Another goodie allows private-equity partners to sock away almost any amount of their earnings into a tax-deferred IRA, while the rest of us are limited to a few thousand dollars a year. The partners can merely low-ball the value of whatever portion of their investment partnership they put away—even valuing it at zero—because the tax code considers a partnership interest to have value only in the future. This explains how Romney’s IRA is worth as much as $101 million. The tax code further subsidizes private equity and much of the rest of the financial sector by making interest on debt tax-deductible, while taxing profits and dividends. This creates huge incentives for financiers to find ways of substituting debt for equity and is a major reason America’s biggest banks have leveraged America to the hilt. It’s also why Romney’s Bain and other private-equity partnerships have done the same to the companies they buy.
These maneuvers shift all the economic risk to debtors, who sometimes can’t repay what they owe. That’s rarely a problem for the financiers who engineer the deals; they’re sufficiently diversified to withstand some losses, or they’ve already taken their profits and moved on. But piles of debt play havoc with the lives of real people in the real economy when the companies they work for can’t meet their payments, or the banks they rely on stop lending money, or the contractors they depend on go broke—often with the result that they can’t meet their own debt payments and lose their homes, cars and savings.
Reich notes that if Romney were to win the White House, he would be very different from past wealthy presidents.
We’ve had wealthy presidents before, but they have been traitors to their class—Teddy Roosevelt storming against the “malefactors of great wealth” and busting up the trusts, Franklin Roosevelt railing against the “economic royalists” and raising their taxes, John F. Kennedy appealing to the conscience of the nation to conquer poverty. Romney is the opposite: he wants to do everything he can to make the superwealthy even wealthier and the poor even poorer, and he justifies it all with a thinly veiled social Darwinism.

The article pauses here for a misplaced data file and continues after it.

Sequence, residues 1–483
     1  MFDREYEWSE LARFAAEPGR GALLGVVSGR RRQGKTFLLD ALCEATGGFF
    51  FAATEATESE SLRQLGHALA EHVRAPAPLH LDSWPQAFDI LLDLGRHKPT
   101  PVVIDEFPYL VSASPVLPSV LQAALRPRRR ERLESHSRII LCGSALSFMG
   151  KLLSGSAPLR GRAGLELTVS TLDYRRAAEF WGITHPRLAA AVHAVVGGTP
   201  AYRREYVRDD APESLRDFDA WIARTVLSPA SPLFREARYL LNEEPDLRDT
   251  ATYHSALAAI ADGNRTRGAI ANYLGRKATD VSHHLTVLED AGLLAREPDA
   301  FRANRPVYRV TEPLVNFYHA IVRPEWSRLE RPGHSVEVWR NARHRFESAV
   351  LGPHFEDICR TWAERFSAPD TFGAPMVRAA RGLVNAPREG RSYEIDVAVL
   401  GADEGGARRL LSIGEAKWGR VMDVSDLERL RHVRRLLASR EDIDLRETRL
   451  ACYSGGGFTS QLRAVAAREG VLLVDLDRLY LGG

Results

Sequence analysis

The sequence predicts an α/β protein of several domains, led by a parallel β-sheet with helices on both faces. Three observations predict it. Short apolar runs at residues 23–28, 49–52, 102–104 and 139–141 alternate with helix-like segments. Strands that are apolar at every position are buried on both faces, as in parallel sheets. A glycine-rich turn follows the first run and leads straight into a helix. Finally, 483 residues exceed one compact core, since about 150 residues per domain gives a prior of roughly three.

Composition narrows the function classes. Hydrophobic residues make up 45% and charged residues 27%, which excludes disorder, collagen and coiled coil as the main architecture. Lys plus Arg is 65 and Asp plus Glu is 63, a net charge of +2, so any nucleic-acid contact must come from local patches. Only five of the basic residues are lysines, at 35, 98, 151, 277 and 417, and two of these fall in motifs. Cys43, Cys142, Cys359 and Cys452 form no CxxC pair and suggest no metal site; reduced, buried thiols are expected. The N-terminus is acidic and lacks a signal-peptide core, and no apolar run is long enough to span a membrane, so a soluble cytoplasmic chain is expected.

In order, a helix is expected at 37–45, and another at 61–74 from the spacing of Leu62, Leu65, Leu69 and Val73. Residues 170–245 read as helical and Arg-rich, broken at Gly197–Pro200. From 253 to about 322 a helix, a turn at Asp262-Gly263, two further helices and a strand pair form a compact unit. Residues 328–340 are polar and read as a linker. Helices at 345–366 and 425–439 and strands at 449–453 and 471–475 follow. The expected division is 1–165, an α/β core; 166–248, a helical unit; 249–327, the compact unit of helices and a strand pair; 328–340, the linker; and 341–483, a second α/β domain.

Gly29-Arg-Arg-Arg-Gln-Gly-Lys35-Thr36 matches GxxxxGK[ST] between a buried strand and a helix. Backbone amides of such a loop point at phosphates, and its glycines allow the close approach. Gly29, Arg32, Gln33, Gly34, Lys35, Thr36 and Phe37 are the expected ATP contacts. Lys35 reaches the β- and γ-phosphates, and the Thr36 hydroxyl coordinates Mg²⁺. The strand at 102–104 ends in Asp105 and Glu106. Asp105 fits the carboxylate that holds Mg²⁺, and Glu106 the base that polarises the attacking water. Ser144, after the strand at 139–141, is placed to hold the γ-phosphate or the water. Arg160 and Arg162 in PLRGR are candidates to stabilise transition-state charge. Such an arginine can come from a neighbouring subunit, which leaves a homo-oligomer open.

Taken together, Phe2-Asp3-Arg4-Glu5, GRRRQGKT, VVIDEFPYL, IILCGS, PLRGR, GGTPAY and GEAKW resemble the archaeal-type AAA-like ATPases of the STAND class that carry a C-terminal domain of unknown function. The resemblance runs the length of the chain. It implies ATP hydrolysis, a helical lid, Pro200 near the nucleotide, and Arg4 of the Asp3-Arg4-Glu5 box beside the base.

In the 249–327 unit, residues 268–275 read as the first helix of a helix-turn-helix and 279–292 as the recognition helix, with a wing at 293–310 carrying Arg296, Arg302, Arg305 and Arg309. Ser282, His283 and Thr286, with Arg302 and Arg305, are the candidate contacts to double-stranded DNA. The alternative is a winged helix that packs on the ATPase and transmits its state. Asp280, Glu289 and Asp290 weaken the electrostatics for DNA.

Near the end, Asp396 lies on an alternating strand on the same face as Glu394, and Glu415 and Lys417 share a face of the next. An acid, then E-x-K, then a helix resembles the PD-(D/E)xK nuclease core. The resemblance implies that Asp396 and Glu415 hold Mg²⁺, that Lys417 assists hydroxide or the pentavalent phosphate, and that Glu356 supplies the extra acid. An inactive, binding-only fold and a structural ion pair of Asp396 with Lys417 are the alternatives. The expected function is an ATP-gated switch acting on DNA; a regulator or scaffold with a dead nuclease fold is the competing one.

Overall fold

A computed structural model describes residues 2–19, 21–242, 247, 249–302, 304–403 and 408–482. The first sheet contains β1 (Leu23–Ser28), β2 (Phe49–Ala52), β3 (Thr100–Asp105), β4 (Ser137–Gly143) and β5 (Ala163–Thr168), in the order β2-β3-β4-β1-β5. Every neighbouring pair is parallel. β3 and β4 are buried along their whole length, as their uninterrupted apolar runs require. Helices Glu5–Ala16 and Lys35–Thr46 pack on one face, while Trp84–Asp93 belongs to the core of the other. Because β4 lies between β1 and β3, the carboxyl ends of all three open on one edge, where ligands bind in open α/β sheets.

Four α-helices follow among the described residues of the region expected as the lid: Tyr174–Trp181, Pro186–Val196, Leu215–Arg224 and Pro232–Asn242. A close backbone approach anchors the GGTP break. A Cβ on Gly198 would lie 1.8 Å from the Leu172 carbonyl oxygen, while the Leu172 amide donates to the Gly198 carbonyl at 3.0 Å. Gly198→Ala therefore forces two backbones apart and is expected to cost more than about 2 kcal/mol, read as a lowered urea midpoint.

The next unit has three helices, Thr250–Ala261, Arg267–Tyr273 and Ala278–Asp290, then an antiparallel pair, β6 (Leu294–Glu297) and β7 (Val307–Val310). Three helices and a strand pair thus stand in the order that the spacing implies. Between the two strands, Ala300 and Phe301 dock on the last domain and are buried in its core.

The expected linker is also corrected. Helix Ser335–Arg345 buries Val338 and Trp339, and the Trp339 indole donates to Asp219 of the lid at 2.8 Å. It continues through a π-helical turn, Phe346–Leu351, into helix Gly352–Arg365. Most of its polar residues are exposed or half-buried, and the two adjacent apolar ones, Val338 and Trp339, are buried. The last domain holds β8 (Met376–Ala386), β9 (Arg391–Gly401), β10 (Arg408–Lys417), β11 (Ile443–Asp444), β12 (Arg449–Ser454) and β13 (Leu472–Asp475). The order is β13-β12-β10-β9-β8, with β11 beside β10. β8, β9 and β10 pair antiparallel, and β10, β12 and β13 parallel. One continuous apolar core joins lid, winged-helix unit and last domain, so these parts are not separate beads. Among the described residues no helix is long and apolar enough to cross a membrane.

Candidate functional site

Obama should be holding Romney up as the personification of all that brought the economy to its knees in 2008. Why aren’t the Democrats screaming from the rooftops about it?
Part of the answer, surely, is that elected Democrats are still almost as beholden to the wealthy for campaign funds as the Republicans, and don’t want to bite the hand that feeds them. Wall Street can give most of its largesse to Romney this year and still have enough left over to tame many influential Democrats (look at the outcry from some of them when the White House took on Bain Capital). But I suspect a deeper reason for their reticence is that if they connect the dots and reveal Romney for what he is—the epitome of what’s fundamentally wrong with our economy—they’ll be admitting how serious our economic problems really are. They would have to acknowledge that the economic catastrophe that continues to cause us so much suffering is, at its root, a product of the gross inequality of income, wealth and political power in America’s new Gilded Age, as well as the perverse incentives of casino capitalism if you bother to check out these no deposit mobile casinos and connect the dots.
Please go read the whole thing. You won’t regret it.
In other news,
The Sun has been very active lately.